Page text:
For this blog, we’re going to focus on interior monologue (the subject of Chapter Six of our new “How To” book), one of the most useful tools exclusive to novelists that screenwriters are not allowed to use in scripts. The novel begins with the scene that starts on page two of the screenplay. It draws you into Jessie’s dilemma in a way the script simply cannot. She may be in the same predicament, but we get to spend a lot more time with Jessie, getting to know how she feels about life, her vulnerability, and her singleness. The interior monologue shares some of the information from the voice-over where Jessie is fantasizing about the life she wishes she had. Her journal habit, her hair color (and lack of blonde hair), what she sees as her ideal life. We find out she’s responsible with her job, is capable of taking care of herself, and how she feels about her boss. Even her boss’s character is set up here. All of this is revealed in the next part of the script, but in the novel this information comes out in the middle of Jessie’s crisis to reveal more about her character and life. The inner battle between her romantic optimism and her realistic cynicism shines through as well. The novel also takes a bit more time to describe the setting and the weather.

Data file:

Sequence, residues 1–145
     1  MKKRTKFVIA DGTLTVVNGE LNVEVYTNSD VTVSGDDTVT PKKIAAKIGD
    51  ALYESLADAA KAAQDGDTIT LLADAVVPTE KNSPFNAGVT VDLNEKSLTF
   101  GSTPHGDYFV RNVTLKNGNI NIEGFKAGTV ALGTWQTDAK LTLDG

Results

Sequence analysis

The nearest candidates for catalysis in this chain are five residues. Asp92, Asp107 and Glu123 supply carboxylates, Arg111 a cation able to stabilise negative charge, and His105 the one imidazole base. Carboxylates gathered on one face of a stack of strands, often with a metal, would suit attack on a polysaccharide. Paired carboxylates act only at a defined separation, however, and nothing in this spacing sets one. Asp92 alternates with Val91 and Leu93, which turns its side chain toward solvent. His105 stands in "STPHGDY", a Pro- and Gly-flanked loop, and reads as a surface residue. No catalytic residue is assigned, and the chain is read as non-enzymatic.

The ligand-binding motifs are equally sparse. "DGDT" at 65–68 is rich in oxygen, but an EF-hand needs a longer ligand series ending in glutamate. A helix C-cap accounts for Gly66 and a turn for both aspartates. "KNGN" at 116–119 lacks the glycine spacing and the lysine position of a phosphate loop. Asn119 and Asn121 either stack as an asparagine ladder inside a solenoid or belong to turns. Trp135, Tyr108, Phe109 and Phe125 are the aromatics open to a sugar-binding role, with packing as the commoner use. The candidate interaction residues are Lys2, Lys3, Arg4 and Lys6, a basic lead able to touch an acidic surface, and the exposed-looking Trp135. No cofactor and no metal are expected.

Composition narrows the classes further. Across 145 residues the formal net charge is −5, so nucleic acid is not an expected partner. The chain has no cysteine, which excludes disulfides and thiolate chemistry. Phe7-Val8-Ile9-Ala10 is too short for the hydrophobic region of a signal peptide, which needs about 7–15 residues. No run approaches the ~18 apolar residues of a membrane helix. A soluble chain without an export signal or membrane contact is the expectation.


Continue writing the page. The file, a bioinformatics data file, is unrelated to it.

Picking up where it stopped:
The interior monologue has a voice. It closely matches the style of Jessie’s voice from the script’s dialogue but is infused with additional humor and an openness you can’t have in a script without access to Jessie’s private thoughts.